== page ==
I decided to try a dessert, even though were full. The Paluda, a strawberry ice cream, tapioca, oat, nut, and sauce mixture with candy bits looked too interesting to pass up. I’ve never had anything like this – lots of flavors and very sweet. I don’t know that I would order it again, but I’m usually too stuffed to even think about dessert when I’m here.

Overall, I’ve found this to be one of my favorite restaurants in San Francisco. The waitstaff is cheerful, helpful, and attentive without being annoying (our conversation wasn’t interrupted to take away food, but they were at the ready when we were clearly done). The food is light without leaving you hungry, and the prices are more than reasonable for the quality that you’ll find on your plate.

Even if you have to go a little out of your way, you should try this quirky gem out in the Richmond district.


Tony Liang
Name: Tony
Occupation: Scientist
Location: San Mateo
Favorite Restaurant: Café Gibraltar
Reviewed Mandalay: Wednesday, May 18, 2011

It was a Wednesday night, and in the fridge at home, not an edible morsel could be found. Happily, with a chirp of the Gmail in-box, a Check, Please! Bay Area email has arrived. A quick spousal phone conference, a manifestation of my wife’s parking karma, and soon we stood in front of Mandalay, looking forward to sating our hunger.

The exterior of Mandalay looked much like the many well-worn San Francisco Chinese eateries. The interior, however, is warm and inviting. The Christmas-y ornaments that hang from the latticed beamed false ceiling give the room an odd and interesting festive air. The efficient staff sat and watered us (offered us beverage selections — I ordered a Burmese ice coffee and my wife had the fresh, young coconut juice) and left us to contemplate the menu, and we entrusted our dinner and future breakfast to the Mandalay kitchens.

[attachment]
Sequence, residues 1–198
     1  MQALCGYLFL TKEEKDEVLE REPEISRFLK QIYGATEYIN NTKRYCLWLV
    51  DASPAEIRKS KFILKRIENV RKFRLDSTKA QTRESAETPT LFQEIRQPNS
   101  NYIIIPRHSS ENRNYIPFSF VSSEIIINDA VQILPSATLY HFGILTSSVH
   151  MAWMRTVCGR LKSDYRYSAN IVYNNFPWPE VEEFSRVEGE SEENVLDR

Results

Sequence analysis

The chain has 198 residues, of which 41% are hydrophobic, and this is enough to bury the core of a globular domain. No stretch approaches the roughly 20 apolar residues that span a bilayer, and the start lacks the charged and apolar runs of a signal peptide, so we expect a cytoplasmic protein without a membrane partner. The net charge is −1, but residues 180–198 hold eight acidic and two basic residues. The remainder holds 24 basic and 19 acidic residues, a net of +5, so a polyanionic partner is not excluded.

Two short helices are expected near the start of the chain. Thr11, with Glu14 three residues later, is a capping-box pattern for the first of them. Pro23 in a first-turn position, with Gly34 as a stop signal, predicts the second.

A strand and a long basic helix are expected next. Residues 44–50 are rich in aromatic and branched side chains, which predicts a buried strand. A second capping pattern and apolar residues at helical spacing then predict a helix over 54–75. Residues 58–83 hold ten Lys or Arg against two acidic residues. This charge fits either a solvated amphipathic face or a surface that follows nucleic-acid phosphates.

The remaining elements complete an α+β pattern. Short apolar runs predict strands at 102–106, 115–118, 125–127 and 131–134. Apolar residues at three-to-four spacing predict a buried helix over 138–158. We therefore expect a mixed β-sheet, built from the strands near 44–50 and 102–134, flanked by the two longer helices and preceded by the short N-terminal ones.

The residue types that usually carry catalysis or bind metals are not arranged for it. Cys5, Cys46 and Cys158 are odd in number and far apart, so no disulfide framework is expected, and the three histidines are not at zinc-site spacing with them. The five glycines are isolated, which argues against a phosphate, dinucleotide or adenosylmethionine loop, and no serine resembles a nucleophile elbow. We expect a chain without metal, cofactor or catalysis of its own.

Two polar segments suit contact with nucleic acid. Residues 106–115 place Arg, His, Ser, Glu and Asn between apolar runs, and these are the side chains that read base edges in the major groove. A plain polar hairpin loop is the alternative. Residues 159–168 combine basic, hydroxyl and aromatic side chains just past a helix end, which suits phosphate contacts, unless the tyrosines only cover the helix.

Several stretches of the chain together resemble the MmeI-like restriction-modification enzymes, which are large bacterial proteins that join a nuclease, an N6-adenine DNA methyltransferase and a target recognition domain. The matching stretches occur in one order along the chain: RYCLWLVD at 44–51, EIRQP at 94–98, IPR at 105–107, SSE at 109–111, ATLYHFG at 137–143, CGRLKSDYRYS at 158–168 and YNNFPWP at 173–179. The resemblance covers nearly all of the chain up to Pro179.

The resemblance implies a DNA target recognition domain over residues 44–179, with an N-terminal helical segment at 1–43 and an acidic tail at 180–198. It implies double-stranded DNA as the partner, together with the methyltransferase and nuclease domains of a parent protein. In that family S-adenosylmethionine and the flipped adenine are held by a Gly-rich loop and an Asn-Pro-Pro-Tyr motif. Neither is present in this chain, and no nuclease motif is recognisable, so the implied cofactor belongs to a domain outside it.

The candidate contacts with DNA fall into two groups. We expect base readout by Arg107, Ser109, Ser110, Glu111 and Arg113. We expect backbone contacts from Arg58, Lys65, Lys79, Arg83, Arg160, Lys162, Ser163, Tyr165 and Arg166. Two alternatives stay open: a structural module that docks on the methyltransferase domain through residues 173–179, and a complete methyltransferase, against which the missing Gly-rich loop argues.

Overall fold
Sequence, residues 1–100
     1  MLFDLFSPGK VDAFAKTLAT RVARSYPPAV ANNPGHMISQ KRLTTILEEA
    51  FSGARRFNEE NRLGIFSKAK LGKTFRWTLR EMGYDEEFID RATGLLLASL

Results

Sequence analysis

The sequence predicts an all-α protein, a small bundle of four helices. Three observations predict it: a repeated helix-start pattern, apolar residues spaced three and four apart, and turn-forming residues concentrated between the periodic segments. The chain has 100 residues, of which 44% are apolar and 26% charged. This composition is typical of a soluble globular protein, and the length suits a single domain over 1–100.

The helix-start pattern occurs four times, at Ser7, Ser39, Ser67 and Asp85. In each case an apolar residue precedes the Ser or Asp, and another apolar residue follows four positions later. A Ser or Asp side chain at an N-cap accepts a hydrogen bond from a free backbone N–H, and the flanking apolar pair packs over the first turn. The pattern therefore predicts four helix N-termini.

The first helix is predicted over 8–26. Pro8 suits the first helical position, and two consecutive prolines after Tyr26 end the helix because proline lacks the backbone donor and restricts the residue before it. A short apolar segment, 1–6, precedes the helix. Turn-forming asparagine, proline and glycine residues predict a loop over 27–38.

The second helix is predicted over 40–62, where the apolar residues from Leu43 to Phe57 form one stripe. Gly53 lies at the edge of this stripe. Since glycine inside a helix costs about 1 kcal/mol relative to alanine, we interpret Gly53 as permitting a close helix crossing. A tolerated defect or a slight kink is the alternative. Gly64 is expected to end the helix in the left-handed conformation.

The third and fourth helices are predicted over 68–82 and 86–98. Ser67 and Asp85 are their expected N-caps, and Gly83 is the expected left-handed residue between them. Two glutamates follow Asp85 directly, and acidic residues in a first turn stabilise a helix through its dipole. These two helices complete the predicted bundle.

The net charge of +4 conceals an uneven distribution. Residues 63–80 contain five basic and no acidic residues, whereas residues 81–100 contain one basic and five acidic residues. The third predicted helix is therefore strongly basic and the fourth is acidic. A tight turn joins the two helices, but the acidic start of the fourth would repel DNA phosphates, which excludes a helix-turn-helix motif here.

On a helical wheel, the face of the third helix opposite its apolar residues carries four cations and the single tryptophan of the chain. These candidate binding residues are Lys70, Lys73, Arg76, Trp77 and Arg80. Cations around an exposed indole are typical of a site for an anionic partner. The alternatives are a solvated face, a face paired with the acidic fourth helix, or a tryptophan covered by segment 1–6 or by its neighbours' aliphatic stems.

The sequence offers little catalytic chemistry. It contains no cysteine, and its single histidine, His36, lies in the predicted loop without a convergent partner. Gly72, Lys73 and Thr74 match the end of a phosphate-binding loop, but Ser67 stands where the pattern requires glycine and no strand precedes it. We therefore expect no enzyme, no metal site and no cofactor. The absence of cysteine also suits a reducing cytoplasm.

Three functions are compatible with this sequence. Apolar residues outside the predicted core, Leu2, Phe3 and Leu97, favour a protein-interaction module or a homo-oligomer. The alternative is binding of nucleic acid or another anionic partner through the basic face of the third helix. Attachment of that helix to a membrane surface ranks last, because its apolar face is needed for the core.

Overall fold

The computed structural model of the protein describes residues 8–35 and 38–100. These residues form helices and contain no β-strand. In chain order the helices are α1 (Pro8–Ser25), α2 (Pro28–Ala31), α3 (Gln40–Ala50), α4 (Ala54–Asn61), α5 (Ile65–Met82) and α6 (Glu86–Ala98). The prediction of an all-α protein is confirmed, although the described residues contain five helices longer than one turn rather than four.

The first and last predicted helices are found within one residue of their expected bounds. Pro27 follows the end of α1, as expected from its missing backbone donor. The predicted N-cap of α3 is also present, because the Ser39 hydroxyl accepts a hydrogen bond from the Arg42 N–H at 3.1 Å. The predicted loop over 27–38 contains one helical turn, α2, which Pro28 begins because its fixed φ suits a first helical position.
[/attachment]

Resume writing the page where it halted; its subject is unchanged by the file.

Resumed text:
Nga pe jaw (deep fried fish cake) and Burmese fried eggplants began the meal. The nga pe jaw, though saltier than either my wife or I would’ve preferred, were flavorful and paired well with the accompanying pickled cucumber and carrots. The Burmese fried eggplants were hot and crispy; the well-flavored batter adds a hint of curry and kept the eggplant tender and moist without drowning it in oil. They were darn near perfect (and were served with the same dipping sauce and pickles as the fishcakes).

Burmese curried lamb, paratha (Burmese bread), Singapore-style noodles, dry pan-fried string beans (with tofu), and half of a tea-smoked duck continued the meal. After a little wait and some pleasant conversation, the Burmese curried lamb arrived with the paratha, described as Burmese bread. The curry was well flavored, with chunks of tender lamb contrasted by pieces of soft potatoes. The paratha, fluffy, multi-layered, and pleasantly oily, served as a perfect vehicle to sop up the spilled pools of curry. The Singapore-style noodles were the next to arrive, along with the dry pan-fried string beans. The noodles, with chicken, Chinese barbecued pork, and pan-fried prawns, were fragrant and filled one’s mouth with flavors of curry spices and just the right amount of chew. The string beans were also cooked perfectly, still retaining a nice snap while being well flavored with chilies and other ingredients (the tofu was deep-fried with a tender center). The last dish to arrive at the table was the tea-smoked duck. This dish was by far the standout of the meal. The skin on the dark brown duck was crispy to the bite and to my ears, releasing a small tasty portion of rendered duck fat with each eager bite. The meat was moist and hot, the fragrance and taste of the smoke permeating throughout. The flavor of the duck was so delightful that I didn’t use any of the accompanying sauce and buns at all, so focused was I on following a piece of duck with subsequent pieces of duck.